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How Do I Choose the Best Toothpaste Alternatives?

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  • Written By: Jeremy Laukkonen
  • Edited By: Andrew Jones
  • Last Modified Date: 04 February 2018
  • Copyright Protected:
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    Conjecture Corporation
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Selecting the best toothpaste alternatives can come down to personal taste, though your reasons for avoiding traditional forms of toothpaste should also be considered. If your main reason for examining toothpaste alternatives is to avoid substances such as fluoride, then a toothpaste made with natural ingredients may suit your purposes. There are also a number of other commercially produced alternatives to toothpaste, in addition to substances you can use to make dentifrice at home. Tooth soap is one option that is available in both flake and liquid form, and you might want to consider it if you want an alternative that is easy to use. Mixing together baking soda, salt, and hydrogen peroxide can also result in a good homemade dentifrice, though simply brushing with nothing, but water is an alternative as well.

Toothpaste is a type of dentifrice that is designed for use with a toothbrush to remove plaque and food particles from the teeth. Most toothpastes contain a variety of different ingredients, each of which falls into categories such as foaming agents, abrasive materials, and fluorides. Foaming agents can help distribute toothpaste throughout the mouth, abrasives are useful in removing plaque, and fluorides are typically intended to prevent gum disease. If you find any of these substances undesirable, or you simply like to produce your own household products to save money, then you may be interested in toothpaste alternatives.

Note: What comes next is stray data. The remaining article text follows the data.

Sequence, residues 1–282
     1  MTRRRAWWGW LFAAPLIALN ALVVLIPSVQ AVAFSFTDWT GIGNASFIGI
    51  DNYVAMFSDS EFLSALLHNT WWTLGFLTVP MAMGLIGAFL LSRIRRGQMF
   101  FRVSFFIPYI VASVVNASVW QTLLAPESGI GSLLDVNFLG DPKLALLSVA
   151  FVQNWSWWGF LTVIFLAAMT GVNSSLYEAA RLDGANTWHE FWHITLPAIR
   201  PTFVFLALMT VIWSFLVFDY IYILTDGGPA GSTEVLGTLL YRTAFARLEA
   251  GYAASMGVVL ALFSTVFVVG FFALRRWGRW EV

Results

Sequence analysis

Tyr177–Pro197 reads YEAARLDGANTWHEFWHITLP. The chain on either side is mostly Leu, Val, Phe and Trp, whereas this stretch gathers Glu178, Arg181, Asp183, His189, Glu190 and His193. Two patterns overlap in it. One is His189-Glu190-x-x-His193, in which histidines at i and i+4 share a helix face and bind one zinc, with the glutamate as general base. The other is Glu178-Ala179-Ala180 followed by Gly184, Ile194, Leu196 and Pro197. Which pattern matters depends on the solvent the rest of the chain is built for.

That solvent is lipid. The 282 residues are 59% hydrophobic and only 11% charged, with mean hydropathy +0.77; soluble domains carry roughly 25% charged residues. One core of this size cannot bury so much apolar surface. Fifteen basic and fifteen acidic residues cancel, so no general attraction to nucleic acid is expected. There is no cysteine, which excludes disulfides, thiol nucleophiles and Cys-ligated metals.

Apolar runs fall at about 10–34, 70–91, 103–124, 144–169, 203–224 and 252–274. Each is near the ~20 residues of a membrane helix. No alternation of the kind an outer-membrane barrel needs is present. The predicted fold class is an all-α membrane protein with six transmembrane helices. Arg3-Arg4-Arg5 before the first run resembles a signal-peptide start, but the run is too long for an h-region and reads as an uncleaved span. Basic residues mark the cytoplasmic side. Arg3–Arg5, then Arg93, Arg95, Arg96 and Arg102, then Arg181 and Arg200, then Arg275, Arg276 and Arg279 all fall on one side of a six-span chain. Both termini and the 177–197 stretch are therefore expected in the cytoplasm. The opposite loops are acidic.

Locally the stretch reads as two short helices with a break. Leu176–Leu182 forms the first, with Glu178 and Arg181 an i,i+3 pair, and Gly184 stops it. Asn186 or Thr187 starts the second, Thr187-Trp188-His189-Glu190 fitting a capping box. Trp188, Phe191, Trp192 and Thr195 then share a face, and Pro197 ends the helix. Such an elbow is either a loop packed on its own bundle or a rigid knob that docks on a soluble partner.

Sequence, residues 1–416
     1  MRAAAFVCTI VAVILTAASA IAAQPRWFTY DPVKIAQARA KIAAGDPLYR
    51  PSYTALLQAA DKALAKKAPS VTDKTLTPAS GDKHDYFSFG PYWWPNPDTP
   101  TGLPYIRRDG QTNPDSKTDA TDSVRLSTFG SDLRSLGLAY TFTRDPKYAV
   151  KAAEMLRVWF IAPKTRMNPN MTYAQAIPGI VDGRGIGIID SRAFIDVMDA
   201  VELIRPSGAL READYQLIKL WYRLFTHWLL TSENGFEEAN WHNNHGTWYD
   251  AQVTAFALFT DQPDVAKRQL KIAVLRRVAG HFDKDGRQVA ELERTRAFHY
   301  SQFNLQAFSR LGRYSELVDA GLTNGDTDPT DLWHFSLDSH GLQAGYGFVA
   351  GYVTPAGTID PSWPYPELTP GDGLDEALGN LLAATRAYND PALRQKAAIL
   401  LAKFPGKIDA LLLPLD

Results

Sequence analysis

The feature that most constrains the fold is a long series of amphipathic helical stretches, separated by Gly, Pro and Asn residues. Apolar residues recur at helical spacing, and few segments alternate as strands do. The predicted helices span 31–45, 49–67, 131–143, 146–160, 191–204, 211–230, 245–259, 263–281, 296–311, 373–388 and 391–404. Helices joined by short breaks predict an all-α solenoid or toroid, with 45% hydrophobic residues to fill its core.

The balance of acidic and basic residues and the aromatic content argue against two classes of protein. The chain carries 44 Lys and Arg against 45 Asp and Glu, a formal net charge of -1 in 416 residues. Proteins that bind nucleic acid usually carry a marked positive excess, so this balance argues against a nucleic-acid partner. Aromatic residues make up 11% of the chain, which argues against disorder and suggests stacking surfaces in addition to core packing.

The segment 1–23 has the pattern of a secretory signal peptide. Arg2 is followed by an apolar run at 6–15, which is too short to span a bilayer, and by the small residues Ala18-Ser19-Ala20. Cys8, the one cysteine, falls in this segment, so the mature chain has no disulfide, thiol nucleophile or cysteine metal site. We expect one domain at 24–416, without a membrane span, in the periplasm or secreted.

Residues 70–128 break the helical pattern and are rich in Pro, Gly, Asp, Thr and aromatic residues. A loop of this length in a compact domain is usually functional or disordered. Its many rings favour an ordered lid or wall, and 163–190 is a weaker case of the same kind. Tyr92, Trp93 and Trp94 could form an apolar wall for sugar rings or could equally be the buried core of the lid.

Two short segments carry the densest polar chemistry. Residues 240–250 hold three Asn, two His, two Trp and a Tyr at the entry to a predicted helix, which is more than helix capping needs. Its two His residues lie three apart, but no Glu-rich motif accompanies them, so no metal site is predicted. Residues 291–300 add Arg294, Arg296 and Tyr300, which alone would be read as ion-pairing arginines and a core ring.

Most of the actual cleaning action that takes place during the brushing of teeth is the result of the brush, not the toothpaste. That means one of the simplest toothpaste alternatives is to just to leave the toothpaste out. You can then brush and floss normally, which should remove most of the food and plaque on your teeth. If you prefer to use some type of commercially produced dentifrice, you might want to try tooth soap or powder. These products are designed to not taste like soap, and typically lack substances such as fluoride and sodium lauryl sulfate (SLS) that you may be trying to avoid.

There are also a number of toothpaste alternatives that you can make out of substances that may already be in your home. One option is to simply dip your toothbrush in salt or baking soda, though a paste of baking soda, salt, and hydrogen peroxide can be a suitable dentifrice. If you dislike the flavor of baking soda and peroxide, mixing in some peppermint or wintergreen oil may help. Another alternative ingredient to consider is xylitol, which is a natural sugar alcohol that can act as a substitute for fluoride by fighting gum disease; this ingredient is commonly used in sugar-free chewing gums, and there have been some suggestions that chewing these gums, in combination with brushing might be beneficial.

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